“We are lucky to live in a time when Jonathan Winters was around,” emcee Jack Riley says.

No kidding. That goes for the rest of this cockeyed caravan, too: George Carlin, Woody Allen, Drew Carey, Norm Crosby, Jay Leno, Bill Maher and other standout stand-ups offering “Sahl-utationals” to the pioneer in political satire. Sahl was the first with an LP, first on the cover of Time, and first to understand the Hollywood-D.C. axis as a comedy act.

Once called “the fourth branch of government,” “Sahl was the revolution,” wrote Gerald Nachman in his book, “Seriously Funny: The Rebel Comedians of the 1950s and 1960s.” “The mere idea of a stand-up talking about the real world was in itself revolutionary.”

I remember my father putting on Sahl’s “1960, or Look Forward in Anger” LP and how I didn’t understand a single thing. References to Bobby Baker and Estes Kefauver? I was too young to get how great this guy was.

But now I’m here among all kinds of comedic all-stars who appreciate him. The Wadsworth event is a benefit for Sahl’s Heartland Foundation, and what Harry Shearer calls, with his finest satirical twang: “Aside from Jay and Drew and Jonathan … a tribute to a time when Jews did run comedy.”

It’s like a comedy theme park, with Tommy Chong on the red carpet with Kevin Nealon, Hugh Hefner, Dick Van Patten and Rob Reiner, and Paula Poundstone stands schmoozing the founder of the first Mort Sahl Fan Club (1956). Septuagenarian Jack Riley, who played Mr. Carlin, the depressed hypochondriac on “The Bob Newhart Show” says he’s here “because I need a credit from this century.”

Waiting for a urinal in the packed men’s room, you can tell which comics have prostate problems.

Richard Lewis turns 60 today and George Carlin made 70 a day before Mort’s birthday. Lewis kvetches brilliantly about the billing tonight: “I thought it would be Jay, then Christ, then me.”

In his black Nehru shirt, Lewis says he looks “like Capt. Kirk’s cantor.”

His tribute?

“If not for Mort and Lenny [Bruce], I wouldn’t have had 25 years of drug abuse and whoring.”

Carlin tells us Sahl saw him in 1960 doing a Mort Sahl impression in a Hollywood coffeehouse between Cosmo Street and Ivar Avenue. Sahl recommended him to the “hungry i” (for “intellectual”) in San Francisco, and “onward!”(a Sahl catchword) climbed Carlin.

“I was 21 when I first saw him,” says Allen in a taped greeting. “And the minute I saw him, I just thought that there was nothing else that could be done in comedy, and he was just the best thing that I had ever seen.”

But one comedian, Albert Brooks, takes the stage somberly. “I’m embarrassed tonight,” he says. “And angry. I was told that Mort Sahl passed away.”

So Brooks reads a eulogy.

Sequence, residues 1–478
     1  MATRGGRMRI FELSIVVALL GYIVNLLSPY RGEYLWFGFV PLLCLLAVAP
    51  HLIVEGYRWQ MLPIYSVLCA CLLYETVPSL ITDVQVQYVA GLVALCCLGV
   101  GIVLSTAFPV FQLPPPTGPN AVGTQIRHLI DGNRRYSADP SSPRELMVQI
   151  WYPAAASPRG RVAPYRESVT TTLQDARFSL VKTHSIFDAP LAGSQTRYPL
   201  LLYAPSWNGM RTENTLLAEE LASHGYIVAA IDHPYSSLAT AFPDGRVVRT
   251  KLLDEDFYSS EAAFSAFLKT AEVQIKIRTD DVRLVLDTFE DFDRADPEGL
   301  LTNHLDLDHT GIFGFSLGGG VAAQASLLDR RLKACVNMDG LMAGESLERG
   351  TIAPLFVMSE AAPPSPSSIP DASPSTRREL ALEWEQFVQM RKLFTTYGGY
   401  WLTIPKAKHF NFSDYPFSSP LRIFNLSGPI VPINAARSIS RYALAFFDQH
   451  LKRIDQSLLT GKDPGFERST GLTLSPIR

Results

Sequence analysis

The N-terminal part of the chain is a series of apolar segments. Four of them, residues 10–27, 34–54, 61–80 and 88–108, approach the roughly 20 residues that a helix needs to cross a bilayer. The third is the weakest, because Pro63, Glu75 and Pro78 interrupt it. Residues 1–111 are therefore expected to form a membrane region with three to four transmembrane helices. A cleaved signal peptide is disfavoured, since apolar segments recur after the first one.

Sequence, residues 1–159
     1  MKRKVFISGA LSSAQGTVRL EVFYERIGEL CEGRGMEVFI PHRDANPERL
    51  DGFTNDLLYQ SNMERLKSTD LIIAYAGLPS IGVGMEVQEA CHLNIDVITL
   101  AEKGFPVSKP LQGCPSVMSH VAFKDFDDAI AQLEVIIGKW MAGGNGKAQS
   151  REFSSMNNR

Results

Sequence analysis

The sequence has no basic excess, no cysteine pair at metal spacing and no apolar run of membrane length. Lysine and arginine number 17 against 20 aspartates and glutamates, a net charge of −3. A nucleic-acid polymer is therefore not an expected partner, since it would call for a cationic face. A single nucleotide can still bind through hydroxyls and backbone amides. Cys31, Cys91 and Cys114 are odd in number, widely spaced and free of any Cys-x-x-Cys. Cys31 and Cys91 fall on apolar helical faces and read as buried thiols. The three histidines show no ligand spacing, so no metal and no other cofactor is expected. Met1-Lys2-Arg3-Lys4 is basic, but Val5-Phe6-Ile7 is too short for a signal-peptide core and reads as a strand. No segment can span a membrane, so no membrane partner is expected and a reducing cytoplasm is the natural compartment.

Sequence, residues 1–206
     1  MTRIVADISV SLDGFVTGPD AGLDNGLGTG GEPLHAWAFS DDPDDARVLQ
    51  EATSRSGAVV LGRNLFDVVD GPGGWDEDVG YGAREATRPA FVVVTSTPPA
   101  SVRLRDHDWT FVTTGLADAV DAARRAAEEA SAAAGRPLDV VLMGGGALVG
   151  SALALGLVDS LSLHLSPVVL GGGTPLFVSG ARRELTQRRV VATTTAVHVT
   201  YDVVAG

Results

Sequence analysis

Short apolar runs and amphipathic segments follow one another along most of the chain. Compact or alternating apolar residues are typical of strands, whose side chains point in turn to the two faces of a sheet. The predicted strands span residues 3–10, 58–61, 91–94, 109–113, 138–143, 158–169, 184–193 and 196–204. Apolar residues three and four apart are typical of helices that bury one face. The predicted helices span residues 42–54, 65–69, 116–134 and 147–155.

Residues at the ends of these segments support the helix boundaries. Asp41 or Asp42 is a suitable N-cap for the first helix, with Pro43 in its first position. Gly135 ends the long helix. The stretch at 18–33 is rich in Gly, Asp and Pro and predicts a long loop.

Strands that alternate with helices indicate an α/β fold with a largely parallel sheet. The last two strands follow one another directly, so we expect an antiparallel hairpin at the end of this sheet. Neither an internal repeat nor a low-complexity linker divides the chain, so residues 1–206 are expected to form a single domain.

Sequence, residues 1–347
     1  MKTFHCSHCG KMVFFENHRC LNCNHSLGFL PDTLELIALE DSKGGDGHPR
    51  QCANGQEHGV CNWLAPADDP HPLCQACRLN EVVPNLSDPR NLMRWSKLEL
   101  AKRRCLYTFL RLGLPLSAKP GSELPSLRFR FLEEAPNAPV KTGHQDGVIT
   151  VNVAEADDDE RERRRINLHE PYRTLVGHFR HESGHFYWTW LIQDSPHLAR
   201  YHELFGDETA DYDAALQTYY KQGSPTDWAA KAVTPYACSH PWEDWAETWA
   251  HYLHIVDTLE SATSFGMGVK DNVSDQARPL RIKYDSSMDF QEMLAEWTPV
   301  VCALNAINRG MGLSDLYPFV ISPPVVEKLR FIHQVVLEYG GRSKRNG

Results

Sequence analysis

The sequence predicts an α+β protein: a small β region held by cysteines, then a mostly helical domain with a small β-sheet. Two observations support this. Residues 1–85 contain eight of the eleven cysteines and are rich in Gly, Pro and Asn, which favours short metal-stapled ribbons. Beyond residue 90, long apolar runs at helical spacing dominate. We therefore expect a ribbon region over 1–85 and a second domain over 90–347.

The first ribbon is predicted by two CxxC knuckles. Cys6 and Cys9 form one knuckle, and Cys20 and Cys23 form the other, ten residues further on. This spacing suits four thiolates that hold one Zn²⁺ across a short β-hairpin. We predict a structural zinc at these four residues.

“I remember the last time I saw Mort alive,” he says, the laughter building now like something on a classic comedy LP: helpless, extended, tear-filled. “It was at a Starbucks near where I live. And now I wish I’d said the things that I really felt — how much he influenced all of us here, while he was here. But I didn’t. All that I think I said that day was: ‘Are you gonna finish that latte?’ This should be a lesson to all of us…. And I say, rest in peace my funny man. Rest in peace.”

All around the Jerry’s Deli spread afterward, are wonderful comedians who can’t get smiles off their faces: Fred Willard, Mark Schiff, Rick Overton, Darryl Henriques, Wendy Kamenoff, Paul Krassner, Edie McClurg, Larry Hankin and Barry Diamond.

It was Bart Simpson, quoting the Talmud, who asked: “Who shall bring redemption if not the jesters?” I think of Jan Murray’s and Morey Amsterdam’s funerals and how fine it is that friends did this while Sahl — who once said, “You haven’t lived until you’ve died in California” — is still alive.

“I’ve been very moved by everybody tonight,” Mort told us finally. “I want you to know it really did knock me out. I also want you to know that I’ll do it as long as they let me…. When I started this act, although I was just lonesome and looking for a family, in a larger sense I saw it as a rescue mission for America…. But I believe it more than ever, in spite of the odds, that the good guys’ll win.”


Mort Sahl will teach a course in critical thinking at Claremont McKenna College in September.

Hank Rosenfeld assistant teaches at Roosevelt Elementary School in Santa Monica and has written a book with Irving Brecher — who wrote for Milton Berle, Jack Benny, and the Marx Brothers — coming from Ben Yehuda Press in 2008.


Mort Sahl fan tribute

Make ‘Em Laugh

It’s a funny thing trying to arrange a stand-up comedy show in Israel. I had gotten the idea last summer when I was visiting Israel and a social worker friend of mine half jokingly suggested I put on a show for the runaway teenagers she works with. As enticing as it sounded to do stand-up comedy for a a bunch of angry kids, I was on vacation; it was only when I returned to the United States that I realized it wasn’t such a bad idea. Not to perform for the rebellious teenagers, but for the general English-speaking community. That way, even the angry teens could come. I got in touch with a promoter in Israel and he thought it was a great idea.